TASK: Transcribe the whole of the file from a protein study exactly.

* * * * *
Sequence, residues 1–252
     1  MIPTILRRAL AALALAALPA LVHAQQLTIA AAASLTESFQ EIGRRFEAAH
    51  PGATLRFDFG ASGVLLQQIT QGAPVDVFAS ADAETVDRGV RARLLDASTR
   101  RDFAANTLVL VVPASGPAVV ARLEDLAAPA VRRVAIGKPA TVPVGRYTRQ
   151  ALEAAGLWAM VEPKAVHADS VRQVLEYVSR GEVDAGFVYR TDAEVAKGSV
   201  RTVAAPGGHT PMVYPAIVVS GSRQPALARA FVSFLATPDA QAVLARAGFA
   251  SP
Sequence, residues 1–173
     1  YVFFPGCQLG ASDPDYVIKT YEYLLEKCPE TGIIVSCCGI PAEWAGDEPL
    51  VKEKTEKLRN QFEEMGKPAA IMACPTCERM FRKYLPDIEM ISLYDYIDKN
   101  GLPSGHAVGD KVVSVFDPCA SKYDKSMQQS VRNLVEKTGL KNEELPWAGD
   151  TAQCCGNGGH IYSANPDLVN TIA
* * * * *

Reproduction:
Sequence, residues 1–252
     1  MIPTILRRAL AALALAALPA LVHAQQLTIA AAASLTESFQ EIGRRFEAAH
    51  PGATLRFDFG ASGVLLQQIT QGAPVDVFAS ADAETVDRGV RARLLDASTR
   101  RDFAANTLVL VVPASGPAVV ARLEDLAAPA VRRVAIGKPA TVPVGRYTRQ
   151  ALEAAGLWAM VEPKAVHADS VRQVLEYVSR GEVDAGFVYR TDAEVAKGSV
   201  RTVAAPGGHT PMVYPAIVVS GSRQPALARA FVSFLATPDA QAVLARAGFA
   251  SP
Sequence, residues 1–173
     1  YVFFPGCQLG ASDPDYVIKT YEYLLEKCPE TGIIVSCCGI PAEWAGDEPL
    51  VKEKTEKLRN QFEEMGKPAA IMACPTCERM FRKYLPDIEM ISLYDYIDKN
   101  GLPSGHAVGD KVVSVFDPCA SKYDKSMQQS VRNLVEKTGL KNEELPWAGD
   151  TAQCCGNGGH IYSANPDLVN TIA